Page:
Canadian Poultry Magazine

Getting the Most Out of CFLs

By By Joel Feenstra   

Features New Technology Production Poultry Production Production

Lately, the lighting technology used in the farming industry has been moving away from incandescents, and towards fluorescents, induction lighting and LED technology. Although many people have jumped at the chance to use these new lighting options, few really understand how to use them properly. Not surprisingly, one of the most common questions I get on poultry farms is “What do you think about those dimmable fluorescents?” followed by “Will they really save me money?” and “Will I have to change anything?”

The compact fluorescent lightbulb (CFL) is gaining a lot of popularity because of the energy savings it can offer. When you are running several hundred feet of lighting rows for the bulk of the day, it catches the interest of farmers. They take only a fraction (generally half to one-fifth) of the wattage (billable power from the power supply company) to run, and have advertised lifetimes of up to eight years. This makes them seem like a very smart investment right off the shelf, but there are a few things to take into consideration before you purchase lights and change over your barns.

First, the CFL is a band-aid fix for the inefficiency of the incandescent bulb. The lampholders  present in all houses and barns dictate that any lighting replacement used must be of a similar size and shape, and work off the same voltage characteristics. And since numerous locations (including British Columbia) will soon  be banning the manufacture of incandescents, there had to be an energy-saving alternative. Where an incandescent bulb only takes about 10 per cent of the power to create light and the rest is wasted as heat, a CFL uses close to 90 per cent of its power to create light and dissipates the rest as heat. This heat that the bulbs create is insufficient to heat your barns in the winter, but during the summer heatwaves, anything that can be done to lower the barn temperature is critical.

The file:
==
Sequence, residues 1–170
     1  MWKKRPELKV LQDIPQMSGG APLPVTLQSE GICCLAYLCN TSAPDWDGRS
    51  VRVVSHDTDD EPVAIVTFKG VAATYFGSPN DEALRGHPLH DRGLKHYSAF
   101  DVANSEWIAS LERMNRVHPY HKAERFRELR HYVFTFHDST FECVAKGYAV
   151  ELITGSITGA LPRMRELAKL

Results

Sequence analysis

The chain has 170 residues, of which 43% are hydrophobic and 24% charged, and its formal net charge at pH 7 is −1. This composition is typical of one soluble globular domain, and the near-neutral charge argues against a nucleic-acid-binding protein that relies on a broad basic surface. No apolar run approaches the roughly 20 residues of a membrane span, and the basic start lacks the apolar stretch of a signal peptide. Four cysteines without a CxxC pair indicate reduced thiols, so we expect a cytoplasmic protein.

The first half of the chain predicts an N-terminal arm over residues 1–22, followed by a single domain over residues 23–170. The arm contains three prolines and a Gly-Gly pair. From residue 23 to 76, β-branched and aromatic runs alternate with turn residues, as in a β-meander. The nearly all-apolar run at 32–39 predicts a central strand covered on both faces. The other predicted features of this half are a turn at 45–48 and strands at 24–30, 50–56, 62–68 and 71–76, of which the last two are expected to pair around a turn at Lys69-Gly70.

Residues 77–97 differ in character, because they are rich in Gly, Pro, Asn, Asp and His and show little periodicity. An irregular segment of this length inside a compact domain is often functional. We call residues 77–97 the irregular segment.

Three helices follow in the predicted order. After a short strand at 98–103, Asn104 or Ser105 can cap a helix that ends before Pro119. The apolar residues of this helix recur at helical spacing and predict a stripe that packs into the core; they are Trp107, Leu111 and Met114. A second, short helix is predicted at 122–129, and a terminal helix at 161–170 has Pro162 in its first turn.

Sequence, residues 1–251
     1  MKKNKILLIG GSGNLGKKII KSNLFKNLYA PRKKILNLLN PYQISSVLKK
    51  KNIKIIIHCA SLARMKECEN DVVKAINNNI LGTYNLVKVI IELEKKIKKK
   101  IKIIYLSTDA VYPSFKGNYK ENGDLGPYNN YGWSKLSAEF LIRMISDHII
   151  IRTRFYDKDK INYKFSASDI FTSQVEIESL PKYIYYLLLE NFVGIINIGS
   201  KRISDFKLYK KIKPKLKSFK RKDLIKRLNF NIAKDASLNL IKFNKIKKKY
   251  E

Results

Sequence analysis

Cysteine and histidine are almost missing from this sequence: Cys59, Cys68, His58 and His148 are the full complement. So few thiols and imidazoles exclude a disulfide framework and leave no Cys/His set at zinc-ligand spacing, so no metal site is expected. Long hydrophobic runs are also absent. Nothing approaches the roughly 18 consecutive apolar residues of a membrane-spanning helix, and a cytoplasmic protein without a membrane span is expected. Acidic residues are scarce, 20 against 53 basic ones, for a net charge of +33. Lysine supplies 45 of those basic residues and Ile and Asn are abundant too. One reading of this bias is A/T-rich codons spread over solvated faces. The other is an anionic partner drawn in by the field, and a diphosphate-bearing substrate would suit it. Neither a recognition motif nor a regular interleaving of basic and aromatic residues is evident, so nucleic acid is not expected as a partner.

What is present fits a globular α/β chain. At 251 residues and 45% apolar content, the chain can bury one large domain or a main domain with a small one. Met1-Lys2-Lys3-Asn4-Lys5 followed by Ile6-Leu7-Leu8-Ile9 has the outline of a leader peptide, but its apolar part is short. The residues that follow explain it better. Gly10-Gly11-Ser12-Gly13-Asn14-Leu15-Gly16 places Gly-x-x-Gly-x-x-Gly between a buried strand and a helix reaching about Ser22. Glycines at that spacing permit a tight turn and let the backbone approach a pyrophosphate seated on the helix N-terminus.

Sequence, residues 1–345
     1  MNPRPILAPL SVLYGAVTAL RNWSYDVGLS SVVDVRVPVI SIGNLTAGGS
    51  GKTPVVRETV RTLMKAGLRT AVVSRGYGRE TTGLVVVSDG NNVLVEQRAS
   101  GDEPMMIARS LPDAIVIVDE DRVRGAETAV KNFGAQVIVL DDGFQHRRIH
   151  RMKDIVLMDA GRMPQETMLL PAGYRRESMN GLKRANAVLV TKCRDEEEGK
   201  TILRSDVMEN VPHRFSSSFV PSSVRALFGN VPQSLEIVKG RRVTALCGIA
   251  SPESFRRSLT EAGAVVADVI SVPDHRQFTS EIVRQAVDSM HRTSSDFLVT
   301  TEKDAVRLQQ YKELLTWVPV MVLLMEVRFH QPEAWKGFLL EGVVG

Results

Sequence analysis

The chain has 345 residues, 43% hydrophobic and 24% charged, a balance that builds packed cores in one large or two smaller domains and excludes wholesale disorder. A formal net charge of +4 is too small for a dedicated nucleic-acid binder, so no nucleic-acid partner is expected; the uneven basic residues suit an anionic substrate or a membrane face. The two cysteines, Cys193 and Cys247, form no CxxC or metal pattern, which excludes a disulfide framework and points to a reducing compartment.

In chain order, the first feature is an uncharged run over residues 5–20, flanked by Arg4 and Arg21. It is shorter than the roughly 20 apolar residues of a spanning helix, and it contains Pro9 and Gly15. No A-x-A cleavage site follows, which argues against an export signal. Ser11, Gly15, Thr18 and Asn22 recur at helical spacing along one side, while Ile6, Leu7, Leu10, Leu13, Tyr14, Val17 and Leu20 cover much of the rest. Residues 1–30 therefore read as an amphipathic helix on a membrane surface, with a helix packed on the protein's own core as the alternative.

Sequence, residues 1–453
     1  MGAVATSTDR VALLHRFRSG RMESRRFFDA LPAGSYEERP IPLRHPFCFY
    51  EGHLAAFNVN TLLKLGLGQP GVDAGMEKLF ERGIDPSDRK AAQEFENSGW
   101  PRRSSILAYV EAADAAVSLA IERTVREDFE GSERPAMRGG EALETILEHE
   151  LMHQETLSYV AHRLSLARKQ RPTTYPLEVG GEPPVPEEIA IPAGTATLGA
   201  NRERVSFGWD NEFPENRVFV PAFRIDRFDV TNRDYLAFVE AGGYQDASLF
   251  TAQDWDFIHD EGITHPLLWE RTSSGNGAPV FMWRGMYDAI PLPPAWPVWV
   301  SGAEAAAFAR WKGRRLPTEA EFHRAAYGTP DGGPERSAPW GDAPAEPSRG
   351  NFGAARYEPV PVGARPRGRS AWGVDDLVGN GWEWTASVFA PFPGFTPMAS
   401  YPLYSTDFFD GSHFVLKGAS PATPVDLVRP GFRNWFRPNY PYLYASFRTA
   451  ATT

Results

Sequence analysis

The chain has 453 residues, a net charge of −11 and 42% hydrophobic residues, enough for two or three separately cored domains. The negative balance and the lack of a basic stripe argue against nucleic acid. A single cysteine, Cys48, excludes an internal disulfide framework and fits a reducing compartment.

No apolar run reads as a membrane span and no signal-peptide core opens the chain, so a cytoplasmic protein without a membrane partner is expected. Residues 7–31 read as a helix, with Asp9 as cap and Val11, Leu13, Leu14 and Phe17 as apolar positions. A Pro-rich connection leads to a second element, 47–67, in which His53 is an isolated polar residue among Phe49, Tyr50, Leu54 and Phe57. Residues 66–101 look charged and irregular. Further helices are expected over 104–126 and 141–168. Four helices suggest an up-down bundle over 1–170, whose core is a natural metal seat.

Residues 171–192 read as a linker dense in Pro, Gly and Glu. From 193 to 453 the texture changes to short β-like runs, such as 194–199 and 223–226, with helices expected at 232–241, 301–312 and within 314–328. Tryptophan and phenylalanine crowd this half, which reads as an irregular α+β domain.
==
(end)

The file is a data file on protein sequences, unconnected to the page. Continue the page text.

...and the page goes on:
When you first look at a bulb, take a closer look at the advertised lifetime. The most common advertised lifespan is four years. But if you read the fine print on the packaging, most companies state that the bulb is good for four years of operation, for four hours a day. This means that if you want to have 16 hours of operation a day, you will be getting only a year of rated life out of it. In actuality, you will probably be getting less life than that even, as the longer burn time will eat away at the cathode inside the bulb. Base your lifespan and “power savings versus bulb cost” calculation on the actual calculated burn time rather than the rated lifespan.